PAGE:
What is the difference between
# signs in Linux environment? As I started working on Linux and I found that both are different. I mean they do have different set of privileges...?
[root@localhost ~]# and
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In short, if the screen shows a dollar sign (
$) or hash (
#) on the left of the blinking cursor, you are in a command-line environment.
% symbols indicate the user account type you are logged in to.
$) means you are a normal user.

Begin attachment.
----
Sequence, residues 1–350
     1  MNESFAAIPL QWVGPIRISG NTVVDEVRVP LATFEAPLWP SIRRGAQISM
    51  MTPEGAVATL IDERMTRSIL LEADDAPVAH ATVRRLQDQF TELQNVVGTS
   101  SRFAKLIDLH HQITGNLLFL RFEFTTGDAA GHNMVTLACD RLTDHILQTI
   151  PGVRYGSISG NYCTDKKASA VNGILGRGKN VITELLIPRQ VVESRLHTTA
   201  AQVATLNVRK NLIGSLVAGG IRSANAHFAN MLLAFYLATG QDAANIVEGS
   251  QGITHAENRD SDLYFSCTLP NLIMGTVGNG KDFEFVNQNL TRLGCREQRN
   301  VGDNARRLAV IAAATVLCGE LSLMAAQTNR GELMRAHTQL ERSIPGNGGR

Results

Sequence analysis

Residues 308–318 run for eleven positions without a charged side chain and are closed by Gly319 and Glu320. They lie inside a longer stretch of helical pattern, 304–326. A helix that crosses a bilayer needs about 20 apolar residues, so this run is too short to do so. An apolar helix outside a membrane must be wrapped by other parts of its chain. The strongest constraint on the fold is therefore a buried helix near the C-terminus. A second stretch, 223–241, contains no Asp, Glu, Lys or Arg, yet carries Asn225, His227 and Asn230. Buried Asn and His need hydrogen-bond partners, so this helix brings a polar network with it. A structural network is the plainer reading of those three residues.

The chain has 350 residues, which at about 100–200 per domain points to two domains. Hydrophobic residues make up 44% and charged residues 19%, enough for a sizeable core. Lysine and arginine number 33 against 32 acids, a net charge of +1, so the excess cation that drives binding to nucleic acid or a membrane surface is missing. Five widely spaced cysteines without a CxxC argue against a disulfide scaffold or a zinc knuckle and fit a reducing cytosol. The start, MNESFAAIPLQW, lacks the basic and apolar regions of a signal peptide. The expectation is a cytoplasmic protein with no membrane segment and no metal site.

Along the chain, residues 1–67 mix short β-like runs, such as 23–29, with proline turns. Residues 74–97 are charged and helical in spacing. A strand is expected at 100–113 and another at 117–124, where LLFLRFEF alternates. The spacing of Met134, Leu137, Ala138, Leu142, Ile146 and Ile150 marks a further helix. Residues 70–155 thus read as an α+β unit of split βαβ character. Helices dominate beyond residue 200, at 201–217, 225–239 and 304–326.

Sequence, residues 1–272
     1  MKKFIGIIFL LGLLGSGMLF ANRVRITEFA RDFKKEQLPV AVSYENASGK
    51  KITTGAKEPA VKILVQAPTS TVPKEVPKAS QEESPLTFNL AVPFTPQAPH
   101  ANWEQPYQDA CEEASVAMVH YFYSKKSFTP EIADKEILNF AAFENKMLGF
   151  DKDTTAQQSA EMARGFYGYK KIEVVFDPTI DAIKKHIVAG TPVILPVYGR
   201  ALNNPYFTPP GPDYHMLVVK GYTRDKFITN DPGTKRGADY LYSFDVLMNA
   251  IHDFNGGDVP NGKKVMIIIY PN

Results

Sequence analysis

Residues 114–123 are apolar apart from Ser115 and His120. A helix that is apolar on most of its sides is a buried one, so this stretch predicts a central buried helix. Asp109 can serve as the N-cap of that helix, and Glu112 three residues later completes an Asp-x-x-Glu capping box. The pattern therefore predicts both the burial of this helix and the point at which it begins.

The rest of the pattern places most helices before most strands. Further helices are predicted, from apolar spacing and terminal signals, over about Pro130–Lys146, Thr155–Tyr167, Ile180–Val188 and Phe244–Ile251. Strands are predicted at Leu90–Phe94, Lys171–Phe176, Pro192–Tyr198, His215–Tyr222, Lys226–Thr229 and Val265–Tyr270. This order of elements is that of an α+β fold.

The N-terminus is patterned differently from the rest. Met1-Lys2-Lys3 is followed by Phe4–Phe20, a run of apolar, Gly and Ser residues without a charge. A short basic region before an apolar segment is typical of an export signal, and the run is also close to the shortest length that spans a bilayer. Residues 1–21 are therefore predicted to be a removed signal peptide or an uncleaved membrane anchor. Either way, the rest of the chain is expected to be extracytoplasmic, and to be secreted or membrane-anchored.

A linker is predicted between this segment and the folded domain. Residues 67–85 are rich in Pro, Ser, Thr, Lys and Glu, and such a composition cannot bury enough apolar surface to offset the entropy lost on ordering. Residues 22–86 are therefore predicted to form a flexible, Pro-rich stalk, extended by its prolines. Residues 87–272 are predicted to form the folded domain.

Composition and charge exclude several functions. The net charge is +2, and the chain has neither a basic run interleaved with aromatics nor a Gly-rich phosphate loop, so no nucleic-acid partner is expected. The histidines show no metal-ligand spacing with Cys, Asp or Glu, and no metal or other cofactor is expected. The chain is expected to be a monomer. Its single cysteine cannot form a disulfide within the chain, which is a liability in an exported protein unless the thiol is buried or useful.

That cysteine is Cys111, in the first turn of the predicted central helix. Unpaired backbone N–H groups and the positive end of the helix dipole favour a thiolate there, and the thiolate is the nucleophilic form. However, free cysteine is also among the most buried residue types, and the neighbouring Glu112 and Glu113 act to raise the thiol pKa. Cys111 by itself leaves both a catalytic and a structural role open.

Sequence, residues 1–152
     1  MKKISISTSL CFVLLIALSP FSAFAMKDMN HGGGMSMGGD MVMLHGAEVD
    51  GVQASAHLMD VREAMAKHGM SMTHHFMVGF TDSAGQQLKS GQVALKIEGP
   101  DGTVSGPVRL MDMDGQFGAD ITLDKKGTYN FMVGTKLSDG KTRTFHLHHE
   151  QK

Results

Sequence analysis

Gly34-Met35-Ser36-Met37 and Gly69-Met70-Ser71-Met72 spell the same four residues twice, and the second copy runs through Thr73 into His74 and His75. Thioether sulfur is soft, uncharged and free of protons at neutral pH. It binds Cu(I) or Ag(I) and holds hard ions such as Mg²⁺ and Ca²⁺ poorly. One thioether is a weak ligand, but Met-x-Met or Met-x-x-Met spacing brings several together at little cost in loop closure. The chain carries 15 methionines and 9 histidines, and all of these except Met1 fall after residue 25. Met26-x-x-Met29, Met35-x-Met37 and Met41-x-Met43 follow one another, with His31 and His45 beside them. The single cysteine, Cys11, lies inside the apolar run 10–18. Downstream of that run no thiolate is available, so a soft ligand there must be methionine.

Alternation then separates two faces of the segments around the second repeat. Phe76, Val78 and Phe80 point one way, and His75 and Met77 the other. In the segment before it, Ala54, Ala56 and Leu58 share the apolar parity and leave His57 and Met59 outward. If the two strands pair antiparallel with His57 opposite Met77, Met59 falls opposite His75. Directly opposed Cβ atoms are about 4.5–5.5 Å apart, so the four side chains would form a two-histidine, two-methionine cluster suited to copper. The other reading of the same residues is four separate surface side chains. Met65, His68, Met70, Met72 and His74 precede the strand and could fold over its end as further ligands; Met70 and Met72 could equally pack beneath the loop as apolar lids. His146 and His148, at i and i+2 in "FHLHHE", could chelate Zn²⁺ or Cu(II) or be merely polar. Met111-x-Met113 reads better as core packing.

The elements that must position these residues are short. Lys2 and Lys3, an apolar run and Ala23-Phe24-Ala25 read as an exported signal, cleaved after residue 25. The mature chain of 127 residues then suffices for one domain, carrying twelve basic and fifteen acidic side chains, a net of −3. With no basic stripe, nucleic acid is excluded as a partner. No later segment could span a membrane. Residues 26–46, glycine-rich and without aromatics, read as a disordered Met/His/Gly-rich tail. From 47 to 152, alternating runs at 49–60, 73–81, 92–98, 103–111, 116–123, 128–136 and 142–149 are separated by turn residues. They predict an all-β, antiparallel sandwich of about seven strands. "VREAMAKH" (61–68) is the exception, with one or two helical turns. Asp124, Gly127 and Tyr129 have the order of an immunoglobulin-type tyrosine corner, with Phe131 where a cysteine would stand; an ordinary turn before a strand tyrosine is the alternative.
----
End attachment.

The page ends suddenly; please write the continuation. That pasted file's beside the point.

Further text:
#) means you are the system administrator (root).
There are differences on prompts in different Unix or GNU/Linux distributions because of their default settings. For example, the prompt of Debian/Ubuntu is
guest@linux:~$, the one of Fedora/CentOS/RedHat is
[guest@linux ~]$ and the one of SuSE Linux/OpenSUSE is
guest@linux:~>. In general, the prompt usually show the login user name, machine hostname, and current working directory and ended with a dollar ($), percentage (%), or hash (#) sign.
guest- username: the user account you are logged in to.
linux- machine hostname: the machine you are operating.
~- current working directory: the directory you are in. Tilde (
~) means home directory, i.e. the default directory when first logging in.